Few moments in time seem more important than your child’s first day of Kindergarten. Kids often experience a range of emotions, from excitement to fear and all the in between. For families of kids with special needs, parents may find themselves sharing a bit of these emotions as well.

Below are six tips to help ease your mind and ensure that your child has a successful Kindergarten experience!

  1. Provide your teacher with an About my Child sheet. Sometimes, teachers do not receive a child’s IEP before school begins. Prepare a short document with five things about your child—a few strengths and a few struggles to help his or her teacher understand more about your child.
  2. Go to your child’s Open House. This will help your teacher put a face with a name and make connections for your child. You should be able to see the teacher’s classroom, hear rules and classroom expectations, as well as ask any questions you may have.
  3. Meet with your teacher to discuss your child’s needs. Once your teacher has reviewed the About My Child sheet (and possibly, your child’s IEP), schedule a time to meet with the teacher. Here, he or she can ask questions, review your information, and make sure everyone is on the same page regarding your child’s needs.
  4. Deal with potential problems quickly. If you have an issue with your child’s school experience, it is best to handle it professionally and quickly. Write your teacher an email, or, if you prefer to speak in person, send a follow-up email. In the email, simply explain your concern and ask the teacher for help. As hard as it is, try to leave out emotions (it may help to write the email several times or have someone look over it for you). If at any point a teacher tries to paint you as an overly emotional helicopter parent, a hastily drafted email pointing fingers will be Exhibit A.
  5. Follow up on how the IEP is being implemented in your child’s classes (including specials). Make sure that you are regularly communicating with your child’s team regarding his or her needs. Send occasional emails to your child’s teacher asking how things are going in his or her class, P.E., art, etc. Sometimes, specials teachers forget that they also must follow your child’s IEP. Regular communication will ensure they do so.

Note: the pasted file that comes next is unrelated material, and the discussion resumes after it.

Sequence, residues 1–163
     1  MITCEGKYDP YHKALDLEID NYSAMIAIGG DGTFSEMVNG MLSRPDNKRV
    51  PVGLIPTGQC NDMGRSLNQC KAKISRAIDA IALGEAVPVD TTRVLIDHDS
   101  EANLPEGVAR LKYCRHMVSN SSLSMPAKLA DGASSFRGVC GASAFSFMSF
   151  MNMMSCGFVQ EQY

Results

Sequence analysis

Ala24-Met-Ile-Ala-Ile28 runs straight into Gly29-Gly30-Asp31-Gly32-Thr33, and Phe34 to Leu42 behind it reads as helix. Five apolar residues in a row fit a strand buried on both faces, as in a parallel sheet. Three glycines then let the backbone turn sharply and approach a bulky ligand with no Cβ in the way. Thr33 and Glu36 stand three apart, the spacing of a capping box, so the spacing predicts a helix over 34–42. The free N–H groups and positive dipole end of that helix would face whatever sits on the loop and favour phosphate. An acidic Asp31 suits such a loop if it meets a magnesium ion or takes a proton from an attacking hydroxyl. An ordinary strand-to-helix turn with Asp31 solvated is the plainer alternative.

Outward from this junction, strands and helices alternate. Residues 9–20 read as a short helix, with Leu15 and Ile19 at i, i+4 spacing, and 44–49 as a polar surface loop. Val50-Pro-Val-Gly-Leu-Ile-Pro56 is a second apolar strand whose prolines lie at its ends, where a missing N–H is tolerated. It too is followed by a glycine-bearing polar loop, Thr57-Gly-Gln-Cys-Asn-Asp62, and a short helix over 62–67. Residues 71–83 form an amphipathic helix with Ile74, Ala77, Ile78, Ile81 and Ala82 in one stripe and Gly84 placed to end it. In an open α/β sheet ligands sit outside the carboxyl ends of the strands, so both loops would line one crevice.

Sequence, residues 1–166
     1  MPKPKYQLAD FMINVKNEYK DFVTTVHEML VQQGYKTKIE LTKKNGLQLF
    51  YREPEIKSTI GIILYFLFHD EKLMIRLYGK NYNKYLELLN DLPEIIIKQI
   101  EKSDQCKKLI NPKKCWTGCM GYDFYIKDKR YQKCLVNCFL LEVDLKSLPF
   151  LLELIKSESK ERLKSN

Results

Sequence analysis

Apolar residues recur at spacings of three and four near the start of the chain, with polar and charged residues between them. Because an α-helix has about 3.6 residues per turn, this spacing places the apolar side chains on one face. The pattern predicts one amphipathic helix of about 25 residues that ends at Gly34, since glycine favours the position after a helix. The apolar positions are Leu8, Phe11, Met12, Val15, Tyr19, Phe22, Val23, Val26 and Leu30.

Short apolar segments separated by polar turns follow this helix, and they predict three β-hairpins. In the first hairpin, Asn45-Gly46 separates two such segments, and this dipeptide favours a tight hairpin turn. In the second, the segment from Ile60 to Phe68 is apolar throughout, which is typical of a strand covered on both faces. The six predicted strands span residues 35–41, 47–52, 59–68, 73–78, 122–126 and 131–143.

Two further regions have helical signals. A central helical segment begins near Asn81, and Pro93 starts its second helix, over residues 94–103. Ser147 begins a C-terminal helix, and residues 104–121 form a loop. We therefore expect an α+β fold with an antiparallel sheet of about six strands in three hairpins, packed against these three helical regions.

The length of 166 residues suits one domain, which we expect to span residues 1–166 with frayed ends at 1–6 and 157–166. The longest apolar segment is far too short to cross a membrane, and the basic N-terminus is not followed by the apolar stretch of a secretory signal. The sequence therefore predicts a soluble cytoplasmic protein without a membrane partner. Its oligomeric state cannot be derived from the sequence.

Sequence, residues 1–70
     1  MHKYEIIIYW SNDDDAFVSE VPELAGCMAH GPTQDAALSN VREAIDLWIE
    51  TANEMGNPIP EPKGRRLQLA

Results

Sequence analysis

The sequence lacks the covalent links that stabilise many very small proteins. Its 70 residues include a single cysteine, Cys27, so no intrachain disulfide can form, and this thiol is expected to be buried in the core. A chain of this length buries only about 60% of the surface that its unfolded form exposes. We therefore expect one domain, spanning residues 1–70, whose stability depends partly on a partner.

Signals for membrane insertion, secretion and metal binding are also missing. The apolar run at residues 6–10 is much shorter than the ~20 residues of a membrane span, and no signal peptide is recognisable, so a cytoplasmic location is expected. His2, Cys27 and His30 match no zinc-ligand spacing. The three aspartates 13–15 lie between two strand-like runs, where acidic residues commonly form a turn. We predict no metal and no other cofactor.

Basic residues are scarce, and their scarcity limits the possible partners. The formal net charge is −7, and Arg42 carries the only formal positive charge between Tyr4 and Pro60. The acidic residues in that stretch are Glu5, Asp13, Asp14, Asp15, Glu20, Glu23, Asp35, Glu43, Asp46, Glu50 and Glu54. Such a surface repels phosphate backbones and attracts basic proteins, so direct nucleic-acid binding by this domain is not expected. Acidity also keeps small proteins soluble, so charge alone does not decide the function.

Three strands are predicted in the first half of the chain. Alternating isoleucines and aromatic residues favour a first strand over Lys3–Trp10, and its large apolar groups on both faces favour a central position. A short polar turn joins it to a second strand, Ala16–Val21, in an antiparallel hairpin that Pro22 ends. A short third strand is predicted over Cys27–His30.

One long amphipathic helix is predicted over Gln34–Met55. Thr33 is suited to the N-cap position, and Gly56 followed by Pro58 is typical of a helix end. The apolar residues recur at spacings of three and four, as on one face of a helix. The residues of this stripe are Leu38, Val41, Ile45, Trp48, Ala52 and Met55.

6. Make a Special Education Binder. You will need to document all your communication with teachers, evaluators, and other school staff members, as well as copies of your child’s evaluations, IEPs, and other records. A binder is simply an organizational tool to help keep all your important documents together. Plus, you can bring it with you to ARD meetings to ensure that you understand how your child is progressing and how well the school is meeting his or her needs. For a list of tabs/sections we recommend for your binder, please contact us.

The information provided on this website does not, and is not intended to, constitute legal advice; instead, all information, content, and materials available on this site are for general informational purposes only. You should contact an attorney to discuss your specific legal situation.